“I have already been taken out of the coma, but I don’t recognize anyone, I don’t understand what’s going on. I can’t speak and I don’t know what to say. And all my time is spent waiting for her to come. It is unclear who she is. I don’t know what she looks like either … She talks cheerfully and laughs. She tells me something. When she is around, idiotic hallucinations recede. It’s very good with her. Then she leaves, I feel sad, and I start waiting for her again,” he wrote.
Activism and Advocacy
Alyona Popova is one of the most prominent women’s rights advocates in Russia, and she is pushing for the adoption of a law against domestic violence.
Popova co-authored the bill to re-criminalize domestic violence in Russia alongside State Duma deputy Oksana Pushkina. However, the adoption of the law stalled in the conservative political establishment with Orthodox Church groups accusing it of violating “traditional family values.”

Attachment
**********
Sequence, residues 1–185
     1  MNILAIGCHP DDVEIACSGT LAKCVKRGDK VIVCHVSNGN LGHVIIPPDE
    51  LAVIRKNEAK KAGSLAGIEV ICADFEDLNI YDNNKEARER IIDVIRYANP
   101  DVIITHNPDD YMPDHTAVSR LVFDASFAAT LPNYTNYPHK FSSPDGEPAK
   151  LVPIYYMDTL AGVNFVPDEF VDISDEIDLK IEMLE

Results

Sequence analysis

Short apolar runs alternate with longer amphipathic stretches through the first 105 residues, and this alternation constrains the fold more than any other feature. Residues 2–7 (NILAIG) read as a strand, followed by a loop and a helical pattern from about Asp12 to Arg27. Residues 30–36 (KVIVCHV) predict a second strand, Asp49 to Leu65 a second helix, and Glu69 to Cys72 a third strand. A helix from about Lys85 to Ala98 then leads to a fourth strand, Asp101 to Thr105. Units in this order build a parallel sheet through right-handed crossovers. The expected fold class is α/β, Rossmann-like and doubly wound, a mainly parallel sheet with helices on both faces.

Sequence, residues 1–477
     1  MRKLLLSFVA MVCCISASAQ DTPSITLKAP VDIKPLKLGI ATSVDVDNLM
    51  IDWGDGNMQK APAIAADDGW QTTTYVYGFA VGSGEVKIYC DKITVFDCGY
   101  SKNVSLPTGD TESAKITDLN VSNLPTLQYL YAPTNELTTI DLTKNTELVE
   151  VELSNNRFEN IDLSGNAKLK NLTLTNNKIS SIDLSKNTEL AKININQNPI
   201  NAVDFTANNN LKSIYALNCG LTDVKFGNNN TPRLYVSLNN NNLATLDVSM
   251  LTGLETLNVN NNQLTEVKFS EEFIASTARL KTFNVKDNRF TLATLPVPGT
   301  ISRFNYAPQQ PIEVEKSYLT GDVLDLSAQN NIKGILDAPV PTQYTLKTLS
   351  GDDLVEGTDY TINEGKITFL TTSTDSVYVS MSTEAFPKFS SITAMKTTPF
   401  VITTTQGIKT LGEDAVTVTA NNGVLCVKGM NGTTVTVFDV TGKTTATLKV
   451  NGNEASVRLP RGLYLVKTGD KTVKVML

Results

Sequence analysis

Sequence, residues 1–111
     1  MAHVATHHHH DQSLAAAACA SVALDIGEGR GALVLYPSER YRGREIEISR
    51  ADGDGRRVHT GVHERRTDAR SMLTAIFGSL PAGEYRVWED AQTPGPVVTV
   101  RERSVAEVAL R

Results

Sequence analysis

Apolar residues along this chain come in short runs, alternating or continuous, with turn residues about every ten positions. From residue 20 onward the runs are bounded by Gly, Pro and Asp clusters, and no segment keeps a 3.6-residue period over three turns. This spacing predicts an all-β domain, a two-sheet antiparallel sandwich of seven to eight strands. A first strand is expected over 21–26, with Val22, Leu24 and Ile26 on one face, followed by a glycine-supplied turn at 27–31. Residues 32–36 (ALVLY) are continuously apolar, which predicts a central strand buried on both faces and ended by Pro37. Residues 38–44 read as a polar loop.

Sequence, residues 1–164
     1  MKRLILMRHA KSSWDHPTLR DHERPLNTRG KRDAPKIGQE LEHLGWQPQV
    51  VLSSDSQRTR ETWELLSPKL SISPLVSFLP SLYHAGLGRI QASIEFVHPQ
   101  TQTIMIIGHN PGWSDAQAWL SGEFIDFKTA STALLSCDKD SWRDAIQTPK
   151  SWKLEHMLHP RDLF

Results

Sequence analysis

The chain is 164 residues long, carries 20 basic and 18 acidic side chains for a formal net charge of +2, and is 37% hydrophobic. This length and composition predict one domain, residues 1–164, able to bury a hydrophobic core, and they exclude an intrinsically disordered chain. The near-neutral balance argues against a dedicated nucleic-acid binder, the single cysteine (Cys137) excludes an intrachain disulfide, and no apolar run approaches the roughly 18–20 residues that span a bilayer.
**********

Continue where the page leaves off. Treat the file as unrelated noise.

Popova is also pushing for separate legislation that would grant fathers 90 days of paternity leave to allow parents to share the responsibilities of child care.
Popova has also spoken out against the Justice Ministry labeling the women’s rights organization Nasiliyu.net (No to Violence) as a “foreign agent,” and criticized the Russian government for placing traditional family values over women’s safety.
“There is a law against domestic violence in 156 countries of the world, but not in Russia. As a result of this policy, millions of victims of domestic violence in Russia are left without any protection and support,” Popova said.
“And if an organization begins to help victims of domestic violence bypassing the state, as the Nasiliyu.net center does, then it is not allowed to work and is recognized as a foreign agent,” Popova said in a Facebook post.
Zinaida Korneva, a 98-year old World War II veteran, launched a successful fundraising campaign for the families of medical staff on the frontlines of the coronavirus pandemic.
Korneva drew inspiration from British World War II veteran, Tom Moore, who raised more than $40 million for U.K. health care workers by walking laps around his garden.